Uncle nick at it again. I admire your write up a lot. You are not just a writer, but a passionate one. You dont write for fun. You write because you have a vision. I believe in you and I know that someday that vision will come to reality; it will be used to make impact in the society. The world and I are waiting for.Nice one. Keep it up.

    • Nick on

      Yeah Uncle Charles you know how we started and how the passion to see our continent thrive continues to fuel our passion to provoke and force the status quo to change.

  6. Evelyn on

    This article remains me of what I learnt in government class some decades back that power corrupts. However, we know that power is channelled positively it produces tremendous result!
    Kudos e Nick for putting your thoughts down you also have the power to change our world and make it a better placw

    • Nick on

      Thank you beloved sister. I learmed from you as a seasoned journalist.It trickled down from you the first down to me the last. THANKS SIS.

  7. Puspita on

    Ur article has perfectly thrown light on what the word power aactually means with the most appropriate examples. Moreover the way u have seperated the usew and the misuses of power, it will definitely leave a mark on the minds of the political leaders of not only Africa but also the entire world….
    Hat’s off to u.

    • Nick on

      Yes Thinking of looking at India as the second most populous country and see how they have used power for good or bad.Do a follow up to that Pupista from india.

  8. Nick on

    Thank you very much for the kind words.I do believe that power belongs to God and if anybody is given it should be used for the greater good not the lesser evil.Thanks a lot for your positive contributions.

    • Nick on

      Are you sure about that Olumide.If it creates the opportunity it is also a tool that can be used for corruption.Thanks for dropping your opinion.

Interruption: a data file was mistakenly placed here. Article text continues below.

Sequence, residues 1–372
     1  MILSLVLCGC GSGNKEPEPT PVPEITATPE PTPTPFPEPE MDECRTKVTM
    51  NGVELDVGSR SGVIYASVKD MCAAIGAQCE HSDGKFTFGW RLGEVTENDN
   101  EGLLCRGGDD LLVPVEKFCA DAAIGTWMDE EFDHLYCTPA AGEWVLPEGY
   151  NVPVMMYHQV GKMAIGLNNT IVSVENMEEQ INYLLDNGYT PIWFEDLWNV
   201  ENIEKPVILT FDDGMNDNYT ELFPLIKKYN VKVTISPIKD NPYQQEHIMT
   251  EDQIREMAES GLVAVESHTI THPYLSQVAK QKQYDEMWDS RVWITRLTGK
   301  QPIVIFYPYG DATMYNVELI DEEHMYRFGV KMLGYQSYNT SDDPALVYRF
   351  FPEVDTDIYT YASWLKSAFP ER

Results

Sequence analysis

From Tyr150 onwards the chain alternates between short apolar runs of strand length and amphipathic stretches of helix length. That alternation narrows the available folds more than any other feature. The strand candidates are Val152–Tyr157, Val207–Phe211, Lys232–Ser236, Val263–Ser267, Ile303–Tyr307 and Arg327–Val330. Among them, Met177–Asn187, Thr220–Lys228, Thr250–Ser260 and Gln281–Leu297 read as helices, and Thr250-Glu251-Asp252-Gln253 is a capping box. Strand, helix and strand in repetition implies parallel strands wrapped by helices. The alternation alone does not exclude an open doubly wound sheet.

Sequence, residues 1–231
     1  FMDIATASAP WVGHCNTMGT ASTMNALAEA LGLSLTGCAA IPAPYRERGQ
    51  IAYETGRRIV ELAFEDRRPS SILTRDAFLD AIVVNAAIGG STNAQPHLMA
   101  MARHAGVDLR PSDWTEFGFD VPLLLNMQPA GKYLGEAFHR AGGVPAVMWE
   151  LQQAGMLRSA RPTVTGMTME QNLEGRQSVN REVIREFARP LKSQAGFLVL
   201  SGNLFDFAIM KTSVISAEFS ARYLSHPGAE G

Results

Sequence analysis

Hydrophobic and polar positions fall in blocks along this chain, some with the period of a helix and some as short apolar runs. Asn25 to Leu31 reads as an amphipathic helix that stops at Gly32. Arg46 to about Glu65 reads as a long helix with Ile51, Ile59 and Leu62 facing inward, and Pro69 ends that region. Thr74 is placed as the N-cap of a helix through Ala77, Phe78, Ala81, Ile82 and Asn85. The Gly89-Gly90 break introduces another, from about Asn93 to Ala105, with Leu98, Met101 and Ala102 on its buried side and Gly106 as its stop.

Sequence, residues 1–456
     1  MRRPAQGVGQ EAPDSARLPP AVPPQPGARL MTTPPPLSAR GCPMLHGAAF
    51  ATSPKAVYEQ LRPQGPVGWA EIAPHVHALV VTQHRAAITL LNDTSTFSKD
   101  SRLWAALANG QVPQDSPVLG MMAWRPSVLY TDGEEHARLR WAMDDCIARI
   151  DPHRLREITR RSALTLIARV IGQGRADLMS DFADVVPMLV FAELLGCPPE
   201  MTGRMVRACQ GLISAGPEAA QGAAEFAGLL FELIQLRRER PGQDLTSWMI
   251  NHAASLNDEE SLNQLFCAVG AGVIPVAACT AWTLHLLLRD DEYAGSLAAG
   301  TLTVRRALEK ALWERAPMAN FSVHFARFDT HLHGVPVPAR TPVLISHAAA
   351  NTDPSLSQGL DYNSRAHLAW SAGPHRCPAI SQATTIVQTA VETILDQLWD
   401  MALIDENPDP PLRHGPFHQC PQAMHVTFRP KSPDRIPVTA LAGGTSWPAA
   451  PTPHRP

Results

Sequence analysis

9. NICHOLAS on

    Look power just changed hands in Zimbabwe as the men in uniform just pulled the ladder of President Mugabe in a coup.This is what happen when power is not honorably transfered back to the people that gave it.They tend to take power back by the ballot or by force.

  10. Koeman on

    Nice work so much examples on how power can really colour the nature of man for good or for bad.One that caught me is how the richest people in the world use their power to shape the world they want to see.

  11. emmanuel on

    that is an interesting perspective. I have not really thought about it in those terms before. I view each piece of content as unique and respond to it. Interesting point though.

  12. moses on

    I think this happens to all of us sometime we use our powers wrongly or right but let our power of Good b more n plentiful than our bad.keep it up

  13. Nick on

    President Mugabe of Zimbabwe stepped down as President to end his 37years hold of power.He returned the power back to the people to give room for fresh elections in 2018.Truly power is trustfund.If you misuse you must pay.If you use wisely you are entrusted with it the more.Light is coming to the dark continent.Time is revealing it.

  14. Shambhal on

    It is good , but could have been better .The ‘colors of power’ is more of African struggle, a slight more thoughtful elements could have made it better
    Right from start to end it is consistently good , but ‘Wow’ element is missing

    • NICHOLAS on

      Thank you Shamhbal.African leaders in history have not used power for good that is why there is more highlight on the continent.The narrative is changing and the world is witnessing this change.

  15. Njai on

    Your article really made me realize that power truly has colours when red is danger. When green it is postive.I appreciate your work greatly.

  16. Obaidalla on

    You talked about not every great man is bad that struck ed me .Thanks you can be great and powerful and choose to be good.Nice points.

  17. Benigna on

    I vote yes for you because I read other bloggers a couple of them. I found out your work is well researched, planned and organised.I did find out your work stood out amongst all.

  18. Stonben on

    I realized all what you wrote in your article is happeningin real life.your ideas are so real than the blood that flows in a human being.Nice writing!

  19. Jimmy on

    A colleague gave me your article to read I obliged am very glad I did cost can believe we have deeper thinkers in our continued entry like you. Cheers!good luck.

  20. Hill on

    You thrilled me withat your style of writing your wordsare like pictures and as they say a picture is worth a thousand words.I love your writings.

  21. Olsen on

    I told my friend i will comment but cos he continues to force me I said let me read it.I did aND I can say you are a great thinker.Nice work young man.

  22. Tunjiscales on

    Your writing is different,but simple and easy for a hold to understand.I like the flood of examples and the different point I each paragraphs.keep it up brother.

    • Nick on

      I have accepted your request and saw your inbox messages will furnish you with so excited of my other writings like you requested. THANK YOU SIR